Hey all, I’m discontinuing p5wscala. It was a fun time in my programming career but I have since moved onto other things, and I want an outlet to share my experiences – but this blog doesn’t serve that purpose, since this one is dedicated to that very specific category of programs written in Scala using the Processing library. Thanks to everyone who’s been reading, I hope they’ve been of some help.
I have a new blog at blog.zhangxiaohan.com; I have copied all the posts from this blog over there, and will definitely be picking blogging back up. The topics will be of a more general scope though – less of a specified goal; more just “what am I doing?”
Update: I have no immediate plans for continued blogging and have since disabled that older site. Keep up to date with me at http://www.hellochar.com/! Thanks!
This isn’t Scala related, but a couple days ago I submitted an entry into the bus-tops contest under the title vectorfield. I’m really pleased with the result. It’s interesting how limitations lead you to new places. The 8 framerate limit actually inspired me to put in way more dots than I originally intended, which then led to profiling + optimizing iterations.
The game is really making progress:
A while back, Hackers at Berkeley hosted a small session on Artifical Intelligence, introducing (among other things) the Markov Chain. I decided to implement my own for random word/name generation, using single letters as states and training on about 22k English words (wlist_match10 at http://www.keithv.com/software/wlist/). This gave me some decent results:
And some less decent results:
I also wanted to visualize these connections in a way that quickly portrayed information, so I took my old friend the Particle System and connected all the letters up according to how high the probabilities were.
It’s a bit messy, but you can see several interesting features of the English language. The most striking thing was that the most common vowels (a,e,o) always float towards the center of the system. You can shake up the mass but the sheer number of relatively balanced connections makes the vowels only stable near the center.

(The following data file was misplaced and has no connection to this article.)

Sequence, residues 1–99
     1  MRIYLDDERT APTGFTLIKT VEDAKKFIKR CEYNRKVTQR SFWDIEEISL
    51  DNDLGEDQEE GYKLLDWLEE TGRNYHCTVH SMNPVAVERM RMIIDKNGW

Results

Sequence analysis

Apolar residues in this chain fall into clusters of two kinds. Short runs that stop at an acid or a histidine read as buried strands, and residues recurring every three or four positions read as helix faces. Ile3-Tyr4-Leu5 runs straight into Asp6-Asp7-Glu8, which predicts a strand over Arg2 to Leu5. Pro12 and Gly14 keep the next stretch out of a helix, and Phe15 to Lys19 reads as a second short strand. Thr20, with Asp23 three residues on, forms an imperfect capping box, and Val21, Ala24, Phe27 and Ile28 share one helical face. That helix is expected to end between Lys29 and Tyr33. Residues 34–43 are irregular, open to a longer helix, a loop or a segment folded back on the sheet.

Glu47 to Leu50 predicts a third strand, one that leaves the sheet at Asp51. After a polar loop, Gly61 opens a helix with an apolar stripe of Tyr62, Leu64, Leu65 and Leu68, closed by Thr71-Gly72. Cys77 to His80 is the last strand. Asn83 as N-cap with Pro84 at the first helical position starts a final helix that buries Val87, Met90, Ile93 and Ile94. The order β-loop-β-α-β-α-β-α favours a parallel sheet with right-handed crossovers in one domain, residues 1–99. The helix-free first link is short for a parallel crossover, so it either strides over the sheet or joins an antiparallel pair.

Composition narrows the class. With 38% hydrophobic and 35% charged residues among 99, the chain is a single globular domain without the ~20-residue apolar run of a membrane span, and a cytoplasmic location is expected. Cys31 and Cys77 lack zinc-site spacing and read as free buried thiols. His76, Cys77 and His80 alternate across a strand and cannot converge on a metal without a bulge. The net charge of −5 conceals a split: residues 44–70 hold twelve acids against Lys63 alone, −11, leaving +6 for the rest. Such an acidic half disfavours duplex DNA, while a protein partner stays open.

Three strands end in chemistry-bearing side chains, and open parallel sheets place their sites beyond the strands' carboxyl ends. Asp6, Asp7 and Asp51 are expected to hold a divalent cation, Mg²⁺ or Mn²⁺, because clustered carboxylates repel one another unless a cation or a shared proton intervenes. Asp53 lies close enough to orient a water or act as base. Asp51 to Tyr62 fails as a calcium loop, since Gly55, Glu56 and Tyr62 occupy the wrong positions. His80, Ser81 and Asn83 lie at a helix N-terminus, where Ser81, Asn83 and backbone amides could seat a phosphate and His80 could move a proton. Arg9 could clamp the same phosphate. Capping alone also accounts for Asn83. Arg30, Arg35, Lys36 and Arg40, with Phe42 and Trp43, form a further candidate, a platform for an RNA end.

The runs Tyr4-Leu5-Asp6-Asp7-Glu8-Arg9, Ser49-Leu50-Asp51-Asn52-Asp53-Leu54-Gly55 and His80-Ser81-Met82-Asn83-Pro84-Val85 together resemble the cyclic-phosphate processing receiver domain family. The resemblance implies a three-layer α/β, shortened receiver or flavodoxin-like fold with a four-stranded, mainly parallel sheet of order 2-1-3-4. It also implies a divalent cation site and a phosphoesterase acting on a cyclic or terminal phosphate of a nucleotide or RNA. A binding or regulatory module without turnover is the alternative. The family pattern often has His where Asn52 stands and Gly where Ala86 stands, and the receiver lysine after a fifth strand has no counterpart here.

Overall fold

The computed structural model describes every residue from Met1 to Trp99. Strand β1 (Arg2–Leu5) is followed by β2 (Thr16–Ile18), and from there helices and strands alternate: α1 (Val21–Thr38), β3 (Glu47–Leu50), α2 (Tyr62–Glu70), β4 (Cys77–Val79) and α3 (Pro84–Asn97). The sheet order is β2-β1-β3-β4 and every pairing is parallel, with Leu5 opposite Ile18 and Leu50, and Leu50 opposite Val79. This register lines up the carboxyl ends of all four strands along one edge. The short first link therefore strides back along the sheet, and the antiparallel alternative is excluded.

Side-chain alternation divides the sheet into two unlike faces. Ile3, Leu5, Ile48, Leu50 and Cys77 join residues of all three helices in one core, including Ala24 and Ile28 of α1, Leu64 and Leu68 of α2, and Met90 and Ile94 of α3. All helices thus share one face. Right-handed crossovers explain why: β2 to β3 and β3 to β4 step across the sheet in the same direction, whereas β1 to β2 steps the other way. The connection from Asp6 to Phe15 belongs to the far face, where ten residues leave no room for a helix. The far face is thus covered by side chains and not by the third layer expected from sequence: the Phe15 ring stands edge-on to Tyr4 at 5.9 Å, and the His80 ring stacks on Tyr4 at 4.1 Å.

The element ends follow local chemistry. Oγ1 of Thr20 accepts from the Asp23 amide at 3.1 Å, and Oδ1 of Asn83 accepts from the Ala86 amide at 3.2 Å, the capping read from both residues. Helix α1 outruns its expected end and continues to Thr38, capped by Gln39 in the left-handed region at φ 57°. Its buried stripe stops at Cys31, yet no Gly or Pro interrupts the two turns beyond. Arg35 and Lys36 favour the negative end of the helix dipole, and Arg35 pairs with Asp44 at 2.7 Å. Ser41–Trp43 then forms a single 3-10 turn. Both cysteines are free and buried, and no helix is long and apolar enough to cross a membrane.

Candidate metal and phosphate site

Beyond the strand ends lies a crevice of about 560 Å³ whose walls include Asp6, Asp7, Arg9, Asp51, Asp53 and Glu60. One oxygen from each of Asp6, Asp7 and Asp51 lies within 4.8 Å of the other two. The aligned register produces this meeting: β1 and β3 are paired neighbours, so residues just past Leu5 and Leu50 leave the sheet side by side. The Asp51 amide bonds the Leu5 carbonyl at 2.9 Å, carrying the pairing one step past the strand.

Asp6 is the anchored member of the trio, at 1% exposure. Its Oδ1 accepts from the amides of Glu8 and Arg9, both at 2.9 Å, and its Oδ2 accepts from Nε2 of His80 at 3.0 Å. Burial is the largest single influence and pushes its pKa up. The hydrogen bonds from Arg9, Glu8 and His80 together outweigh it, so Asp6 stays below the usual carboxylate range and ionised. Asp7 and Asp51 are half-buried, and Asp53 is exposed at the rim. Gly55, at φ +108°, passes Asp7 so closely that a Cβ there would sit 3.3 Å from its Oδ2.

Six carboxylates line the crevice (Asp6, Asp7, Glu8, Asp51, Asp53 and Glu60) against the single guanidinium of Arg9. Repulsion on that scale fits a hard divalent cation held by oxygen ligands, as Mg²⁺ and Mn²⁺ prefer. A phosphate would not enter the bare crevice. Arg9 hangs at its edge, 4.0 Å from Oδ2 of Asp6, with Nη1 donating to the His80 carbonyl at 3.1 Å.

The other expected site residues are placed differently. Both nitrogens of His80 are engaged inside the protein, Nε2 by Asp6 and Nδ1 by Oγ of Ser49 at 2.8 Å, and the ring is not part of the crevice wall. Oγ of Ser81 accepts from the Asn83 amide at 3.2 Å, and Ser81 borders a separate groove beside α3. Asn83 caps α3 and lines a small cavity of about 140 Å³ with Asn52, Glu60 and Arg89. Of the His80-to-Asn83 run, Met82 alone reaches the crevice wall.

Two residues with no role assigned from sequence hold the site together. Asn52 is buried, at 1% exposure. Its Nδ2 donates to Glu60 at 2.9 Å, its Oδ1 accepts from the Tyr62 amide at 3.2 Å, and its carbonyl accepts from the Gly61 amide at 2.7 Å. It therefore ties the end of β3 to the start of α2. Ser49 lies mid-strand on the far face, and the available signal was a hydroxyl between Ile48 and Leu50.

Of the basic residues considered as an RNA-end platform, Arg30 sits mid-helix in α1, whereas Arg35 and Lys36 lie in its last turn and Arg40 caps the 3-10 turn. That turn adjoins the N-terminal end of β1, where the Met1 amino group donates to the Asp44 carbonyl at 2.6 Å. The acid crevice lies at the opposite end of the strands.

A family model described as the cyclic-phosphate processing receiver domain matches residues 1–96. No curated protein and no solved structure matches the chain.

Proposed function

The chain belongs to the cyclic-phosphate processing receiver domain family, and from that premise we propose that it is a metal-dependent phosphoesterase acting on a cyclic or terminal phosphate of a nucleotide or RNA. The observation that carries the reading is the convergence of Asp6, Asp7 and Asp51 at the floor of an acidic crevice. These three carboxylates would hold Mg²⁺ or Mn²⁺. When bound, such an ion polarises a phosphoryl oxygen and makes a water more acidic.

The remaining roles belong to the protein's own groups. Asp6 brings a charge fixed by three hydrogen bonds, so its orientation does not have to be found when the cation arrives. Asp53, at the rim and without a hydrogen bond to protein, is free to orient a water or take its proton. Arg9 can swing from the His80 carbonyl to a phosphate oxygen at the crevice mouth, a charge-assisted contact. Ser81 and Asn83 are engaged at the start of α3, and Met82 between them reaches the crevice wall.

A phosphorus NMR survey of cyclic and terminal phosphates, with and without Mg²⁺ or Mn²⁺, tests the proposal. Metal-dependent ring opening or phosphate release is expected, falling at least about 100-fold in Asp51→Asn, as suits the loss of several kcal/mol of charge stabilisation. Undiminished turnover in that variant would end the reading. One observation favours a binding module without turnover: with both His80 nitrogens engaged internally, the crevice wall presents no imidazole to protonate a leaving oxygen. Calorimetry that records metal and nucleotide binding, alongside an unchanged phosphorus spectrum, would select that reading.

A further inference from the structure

Hey, it’s been a bit since I’ve updated but I’m alive and well; been collaborating with Brendan on an upcoming game. Here’s a screenshot of an early prototype:
More to come!
This past week I took a job offer to do a quick applet for Fabripod. Fabripod wants to sell lamps, and they want to let people customize them to their liking – in particular, they wanted an online interface (aka an Applet) to let people control various parameters, and immediately see the resulting figure. Like this:
You basically partition the sphere into a set of quads (which are actually trapezoids), and then draw shapes projecting out from each normal. It’s much easier to act as if every quad has its own coordinate system and then transform the shape accordingly. It’s also quite amazing how fast one can develop with the right tools; this first sketch took less than a day to mock up.
Added a few more options and some indicators; by associating each indicator with a function that will calculate its value, it’s easy to simulate the displayed text as a def instead of a var.
This is basically the final version; it’s amazing what some good lights can do to a sketch. About halfway through this picture and the previous one I had to do a lot of code rewriting in order to cache; this involved changing most of my defs into vars and then doing “mutate on UI change” acrobatics. Pleasantly, the sketch runs at ~40 fps for almost all use cases (using software 3D rendering, since exporting an Applet using OPENGL is difficult).
My previous explorations really taught me that I had absolutely NO CLUE how to spherical geometry, so I’ve spent these past weeks teaching myself how to get around in spherical coordinates. I’ve come up with a potpourri of sketches exploring spherical geometry. These are mostly for my own benefit, but I thought I’d share anyways.
This sketch does the simplest things, like drawing great circles and small circles. It was a very good primer to start thinking in a spherical mindset. The strategy at this point was to always imagine important vectors being aligned along the XYZ axes, and which reduced the problem down to a much simpler one, and then implementing the solution through rotation transformations.
I wondered what kind of path a point on the sphere would take if it was constantly rotating around some moving axis. To this end, Rodrigues’ rotation formula proves extremely helpful.
Going back to my roots – gravitation! The red ball is gravitationally attracted to the green balls using a spherical distance metric. This was actually tricky because velocities aren’t as straightforward as they are in Euclidean space. I ended up creating the notion of a “Local Plane”, which is basically an azimuthal projection of the sphere centered at the red ball. This lets you do vector math as if you were in a simple 2D space, so it’s very easy to add forces and integrate for velocity.